Looking back at Hu Mingzhe’s Mote exhibition at the National Art Museum of China, Beijing, May 2011.

I was first introduced to Hu Mingzhe’s work through a young student of hers who first introduced me to traditional heavy rock color painting- aka Nihonga in Chicago in 2001. At that time, her work depicted the human figure (you can see these in the video as well). Hu Mingzhe’s newer works in the Mote exhibition, which opened in May 2011 at the National Art Museum of China, Beijing, focus on the relationship between human beings and the universe, feeling the greatness of nature and the insignificance of human beings. The word mote stems from Buddhism, which means that the constituent part of everything in the universe is made of tiny particles, and its immensity is beyond limitation, as is its smallness.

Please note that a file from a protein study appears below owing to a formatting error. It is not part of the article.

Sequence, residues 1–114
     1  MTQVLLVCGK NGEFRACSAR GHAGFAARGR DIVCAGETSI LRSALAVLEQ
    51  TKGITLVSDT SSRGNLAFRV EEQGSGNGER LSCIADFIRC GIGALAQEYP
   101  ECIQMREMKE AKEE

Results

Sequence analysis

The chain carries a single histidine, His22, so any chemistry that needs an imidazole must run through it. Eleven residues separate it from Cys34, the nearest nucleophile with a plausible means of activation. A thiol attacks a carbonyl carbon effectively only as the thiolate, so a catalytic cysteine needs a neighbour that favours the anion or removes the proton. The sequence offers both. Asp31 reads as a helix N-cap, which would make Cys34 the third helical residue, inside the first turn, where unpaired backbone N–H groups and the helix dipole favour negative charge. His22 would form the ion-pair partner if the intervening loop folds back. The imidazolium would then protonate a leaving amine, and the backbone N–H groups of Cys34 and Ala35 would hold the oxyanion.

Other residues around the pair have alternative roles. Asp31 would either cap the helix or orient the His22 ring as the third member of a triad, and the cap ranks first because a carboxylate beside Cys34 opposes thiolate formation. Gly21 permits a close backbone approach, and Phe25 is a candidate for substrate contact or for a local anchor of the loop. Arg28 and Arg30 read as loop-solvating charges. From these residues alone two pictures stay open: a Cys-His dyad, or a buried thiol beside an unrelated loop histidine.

Hu Mingzhe is a professor at the Central Academy of Fine Arts (Beijing) and a former visiting scholar at Tama University and Tokyo University of Fine Arts, Japan.


The Painting of Sadness? The Beginnings and Ends of Nihonga.

Chelsea Foxwell, assistant professor of Asian Art History at the University of Chicago confronts the definition of Nihonga and where its “category” begins and ends. She examines traditional Japanese paintings historical lineage, its position as a conceptual construct and validates its existence within a more global, contemporary worldview.